And just before vinyl disappeared from the record stores in the late 1980s, a clandestine purchase of Invasion of Your Privacy by Ratt — on vinyl.

These were some of my parents’ and some of my own records — a word that hardly makes sense any more, unless you’re talking about the Olympics.

Like everyone else, I see images and memories from my growing up years when I recall songs (or lines from The Empire Strikes Back) from those albums.

But mostly, I bought cassettes in high school and college, and gradually bought compact discs.

I think one of my first CDs, oddly enough, was an album by Clint Black.

Music never became less important in my life, but the role of books in my life increased in college.

I was not a voracious reader in college. I was a slow reader with a thirsty-but-rarely-focused mind.

One book that seemed to capture and combine several threads from my college years was Notes from Underground by Dostoyevsky.

In Notes from Underground, I found a libertarian suspicion of rationalism in politics and social engineering, hints of a profound Christian existentialism, and a cranky narrator who declared, right away, “I am a sick man, a vile man.”

I can’t remember whether I read Notes from Underground first, or if I read the introductory chapter in Lev Shestov‘s Kierkegaard and the Existential Philosophy.

That introductory chapter was actually a reprinted lecture delivered by Shestov on Dostoyevsky and Kierkegaard.

I’m not sure if Shestov influenced my reading of his fellow but earlier Russian, Dostoyevsky, or if Notes from Underground prepared me for Shestov’s point of view.

Something in me, during those college years, was afraid of knowledge. As much as I embraced literature and began quick, tentative dips into philosophy, I had also gained a fundamentalist fear of “worldliness” — and that word, as I had come to understand it, was defined almost to a gnostic extreme, almost to an anti-materialist and anti-embodiment radicalism.

In some sense, Plato would fit right in with that attitude toward “worldliness,” with his insistence that ultimate reality was unseen, and a matter of the soul, not the body. Maybe that’s why I felt safer with Plato’s Phaedrus dialogue, that or maybe the practical reason of it being assigned reading in a junior-level course on advanced composition and rhetoric (not scary philosophy), and it was supposed to hold keys insights into rhetorical arts (again, not scary philosophy). I remembered enjoying Phaedrus quite a bit, but I can’t remember now what I learned from it.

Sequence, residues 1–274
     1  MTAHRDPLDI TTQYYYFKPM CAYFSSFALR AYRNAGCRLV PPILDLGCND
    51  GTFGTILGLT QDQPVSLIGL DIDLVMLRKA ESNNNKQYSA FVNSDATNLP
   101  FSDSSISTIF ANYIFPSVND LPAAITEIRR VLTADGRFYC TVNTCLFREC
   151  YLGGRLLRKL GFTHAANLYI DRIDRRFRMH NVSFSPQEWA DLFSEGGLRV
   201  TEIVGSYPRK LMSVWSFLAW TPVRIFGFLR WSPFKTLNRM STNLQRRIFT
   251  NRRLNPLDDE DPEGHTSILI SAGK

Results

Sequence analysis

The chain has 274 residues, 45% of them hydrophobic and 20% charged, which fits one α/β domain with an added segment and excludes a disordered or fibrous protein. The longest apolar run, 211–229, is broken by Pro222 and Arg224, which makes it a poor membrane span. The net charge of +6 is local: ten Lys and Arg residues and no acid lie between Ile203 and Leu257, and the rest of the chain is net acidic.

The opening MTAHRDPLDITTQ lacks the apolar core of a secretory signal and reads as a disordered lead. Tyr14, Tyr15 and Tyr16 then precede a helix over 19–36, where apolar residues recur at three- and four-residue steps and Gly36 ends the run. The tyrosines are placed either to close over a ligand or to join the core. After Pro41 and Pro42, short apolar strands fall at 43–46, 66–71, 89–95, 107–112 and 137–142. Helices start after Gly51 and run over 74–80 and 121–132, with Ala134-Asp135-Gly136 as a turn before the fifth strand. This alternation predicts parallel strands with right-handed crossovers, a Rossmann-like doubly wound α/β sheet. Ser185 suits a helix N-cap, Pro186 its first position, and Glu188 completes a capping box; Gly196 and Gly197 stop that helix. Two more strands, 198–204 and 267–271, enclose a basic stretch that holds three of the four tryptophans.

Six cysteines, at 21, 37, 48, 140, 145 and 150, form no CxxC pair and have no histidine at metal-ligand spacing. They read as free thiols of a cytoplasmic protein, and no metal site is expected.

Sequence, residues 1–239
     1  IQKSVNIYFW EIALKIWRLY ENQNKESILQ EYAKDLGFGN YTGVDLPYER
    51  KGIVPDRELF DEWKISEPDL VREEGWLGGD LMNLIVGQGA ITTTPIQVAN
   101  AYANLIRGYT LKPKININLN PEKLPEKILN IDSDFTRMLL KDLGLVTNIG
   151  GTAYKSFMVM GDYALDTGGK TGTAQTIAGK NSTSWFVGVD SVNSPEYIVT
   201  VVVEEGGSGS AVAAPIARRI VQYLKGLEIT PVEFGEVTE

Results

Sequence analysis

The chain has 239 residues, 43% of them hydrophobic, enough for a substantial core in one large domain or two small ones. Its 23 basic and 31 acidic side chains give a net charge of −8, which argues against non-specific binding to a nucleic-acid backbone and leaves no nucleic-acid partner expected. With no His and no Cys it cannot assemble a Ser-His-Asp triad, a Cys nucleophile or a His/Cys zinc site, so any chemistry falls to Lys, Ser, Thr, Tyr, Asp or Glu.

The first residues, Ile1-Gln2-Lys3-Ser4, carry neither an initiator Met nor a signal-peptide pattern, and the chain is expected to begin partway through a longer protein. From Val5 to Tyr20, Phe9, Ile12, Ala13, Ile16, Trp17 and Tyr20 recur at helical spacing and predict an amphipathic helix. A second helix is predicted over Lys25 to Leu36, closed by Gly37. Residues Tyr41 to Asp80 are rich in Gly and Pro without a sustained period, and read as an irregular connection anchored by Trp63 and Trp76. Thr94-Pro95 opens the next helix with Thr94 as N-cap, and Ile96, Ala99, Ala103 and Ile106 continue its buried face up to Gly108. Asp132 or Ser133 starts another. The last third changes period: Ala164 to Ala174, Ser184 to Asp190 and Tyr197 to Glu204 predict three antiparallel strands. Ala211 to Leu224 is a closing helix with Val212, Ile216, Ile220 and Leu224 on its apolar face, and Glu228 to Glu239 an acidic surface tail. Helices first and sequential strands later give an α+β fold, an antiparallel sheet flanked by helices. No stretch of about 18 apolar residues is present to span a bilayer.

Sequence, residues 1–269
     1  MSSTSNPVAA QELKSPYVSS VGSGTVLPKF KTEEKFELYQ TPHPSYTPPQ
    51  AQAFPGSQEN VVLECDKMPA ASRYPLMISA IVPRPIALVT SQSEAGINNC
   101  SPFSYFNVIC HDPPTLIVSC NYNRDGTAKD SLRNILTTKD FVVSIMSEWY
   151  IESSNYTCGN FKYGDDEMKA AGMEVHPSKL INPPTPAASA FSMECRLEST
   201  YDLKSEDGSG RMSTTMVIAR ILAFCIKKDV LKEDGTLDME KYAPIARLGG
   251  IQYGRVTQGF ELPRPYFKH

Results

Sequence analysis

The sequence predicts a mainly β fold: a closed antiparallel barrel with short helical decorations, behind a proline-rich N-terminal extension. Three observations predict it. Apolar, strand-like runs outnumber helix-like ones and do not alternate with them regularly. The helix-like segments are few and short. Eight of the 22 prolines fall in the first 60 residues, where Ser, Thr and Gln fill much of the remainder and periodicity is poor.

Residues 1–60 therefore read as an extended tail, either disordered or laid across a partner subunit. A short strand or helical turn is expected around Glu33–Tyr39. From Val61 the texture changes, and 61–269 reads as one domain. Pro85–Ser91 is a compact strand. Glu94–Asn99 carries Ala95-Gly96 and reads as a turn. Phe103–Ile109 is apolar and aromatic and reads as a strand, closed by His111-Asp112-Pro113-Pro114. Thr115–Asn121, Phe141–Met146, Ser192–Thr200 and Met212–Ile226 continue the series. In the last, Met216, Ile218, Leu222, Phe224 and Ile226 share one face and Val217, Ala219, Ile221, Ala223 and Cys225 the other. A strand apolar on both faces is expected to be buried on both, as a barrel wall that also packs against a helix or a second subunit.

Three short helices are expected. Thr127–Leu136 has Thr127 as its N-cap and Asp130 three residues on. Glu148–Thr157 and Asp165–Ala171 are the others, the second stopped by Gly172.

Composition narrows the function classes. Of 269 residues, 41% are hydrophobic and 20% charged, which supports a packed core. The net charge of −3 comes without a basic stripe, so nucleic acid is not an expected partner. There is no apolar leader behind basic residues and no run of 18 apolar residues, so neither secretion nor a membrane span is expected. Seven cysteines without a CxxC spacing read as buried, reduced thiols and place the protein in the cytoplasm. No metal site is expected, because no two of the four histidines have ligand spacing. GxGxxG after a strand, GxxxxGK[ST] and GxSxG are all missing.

I didn’t read The Great Gatsby until graduate school, but during the earlier years of my long trek to a bachleors degree, I loved F. Scott Fitzgerald‘s short stories, particularly those in Babylon Revisited and Other Stories, and especially “Babylon Revisited,” “May Day,” and “The Ice Palace.” I don’t know why I didn’t read Gatsby, but having enjoyed Fitzgerald’s short stories so much, I also read This Side of Paradise.

A few books stick out in my memories of grade school and high school:

Hiroshima by John Hershey — the melting flesh of Japanese men and women after the atomic bomb.

The Red Pony by John Steinbeck — a young, lonely boy’s love for his pony, and the pony’s heartbreaking death.

The Chronicles of Prydain by Lloyd Alexander, especially The Book of Three and The Black Cauldron.

To Kill a Mockingbird by Harper Lee — Scout’s sarcastic tone.

The Hobbit by J.R.R. Tolkien — a story that glowed.

The Grange at High Force by Philip Turner — the ballista!

Sir Machinery by Tom McGowen — a robot in an underground war.

So, for these reasons, I bought BooksAndVinyl.com, and I hope I can contribute some favorites and some memories to others.

‘An illusion can never be destroyed directly’


Sketch of Søren Kierkegaard. Based on a sketch...

Image via Wikipedia

“No, an illusion can never be destroyed directly, and only by indirect means can it be radically removed…. That is, one must approach from behind the person who is under an illusion.” — Soren Kierkegaard, The Point of View for My Work as an Author, found in Kierkegaard’s Philosophy: Self-Deception and Cowardice in the Present Age by John Douglas Mullen

For an explication of this point of view, see Thomas C. Oden’s introductory essay to Parables of Kierkegaard.

Consider a similar perspective in the following poem, “Tell all the Truth but tell it slant–“, by Emily Dickinson:

Tell all the Truth but tell it slant—
Success in Cirrcuit lies
Too bright for our infirm Delight
The Truth’s superb surprise
As Lightening to the Children eased
With explanation kind
The Truth must dazzle gradually
Or every man be blind—

 

Soren Kierkegaard: Socrates and the immortality of the soul


“Socrates proved the immortality of the soul from the fact that sickness of the soul (which may be called sin) does not consume the soul, as sickness of the body consumes the body.” — Soren Kierkegaard, The Sickness Unto Death